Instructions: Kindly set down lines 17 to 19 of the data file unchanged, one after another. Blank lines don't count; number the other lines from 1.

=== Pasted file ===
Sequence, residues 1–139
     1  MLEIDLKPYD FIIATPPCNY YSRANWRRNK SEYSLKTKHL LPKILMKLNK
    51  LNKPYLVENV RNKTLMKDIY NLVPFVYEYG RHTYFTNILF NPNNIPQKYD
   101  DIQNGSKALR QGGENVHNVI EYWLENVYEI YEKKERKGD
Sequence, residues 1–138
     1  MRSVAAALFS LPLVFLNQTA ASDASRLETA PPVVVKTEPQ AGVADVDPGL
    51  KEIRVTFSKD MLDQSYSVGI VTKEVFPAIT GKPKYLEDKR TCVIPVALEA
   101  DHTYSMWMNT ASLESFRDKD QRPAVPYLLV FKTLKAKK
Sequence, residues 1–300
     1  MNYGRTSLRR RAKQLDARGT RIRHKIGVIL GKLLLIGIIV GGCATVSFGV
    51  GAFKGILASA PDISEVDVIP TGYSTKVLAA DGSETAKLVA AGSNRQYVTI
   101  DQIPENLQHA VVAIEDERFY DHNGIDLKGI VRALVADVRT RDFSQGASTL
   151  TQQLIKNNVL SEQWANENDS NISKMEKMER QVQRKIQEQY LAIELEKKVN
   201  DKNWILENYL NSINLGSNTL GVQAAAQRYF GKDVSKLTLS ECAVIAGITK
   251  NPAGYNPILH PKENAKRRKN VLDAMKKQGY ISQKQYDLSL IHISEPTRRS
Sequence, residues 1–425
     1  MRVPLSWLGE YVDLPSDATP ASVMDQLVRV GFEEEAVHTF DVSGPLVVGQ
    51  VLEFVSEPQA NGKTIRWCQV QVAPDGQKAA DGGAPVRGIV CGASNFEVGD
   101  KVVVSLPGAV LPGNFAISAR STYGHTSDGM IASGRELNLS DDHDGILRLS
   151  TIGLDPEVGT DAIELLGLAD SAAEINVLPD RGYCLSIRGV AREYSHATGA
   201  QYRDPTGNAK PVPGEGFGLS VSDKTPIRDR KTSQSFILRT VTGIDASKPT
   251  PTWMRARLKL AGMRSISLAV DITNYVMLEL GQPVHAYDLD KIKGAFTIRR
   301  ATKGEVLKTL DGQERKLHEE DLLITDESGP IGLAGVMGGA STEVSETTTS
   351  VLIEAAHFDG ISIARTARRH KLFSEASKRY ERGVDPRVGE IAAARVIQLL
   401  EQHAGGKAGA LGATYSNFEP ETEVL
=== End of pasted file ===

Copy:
     1  MRVPLSWLGE YVDLPSDATP ASVMDQLVRV GFEEEAVHTF DVSGPLVVGQ
    51  VLEFVSEPQA NGKTIRWCQV QVAPDGQKAA DGGAPVRGIV CGASNFEVGD
   101  KVVVSLPGAV LPGNFAISAR STYGHTSDGM IASGRELNLS DDHDGILRLS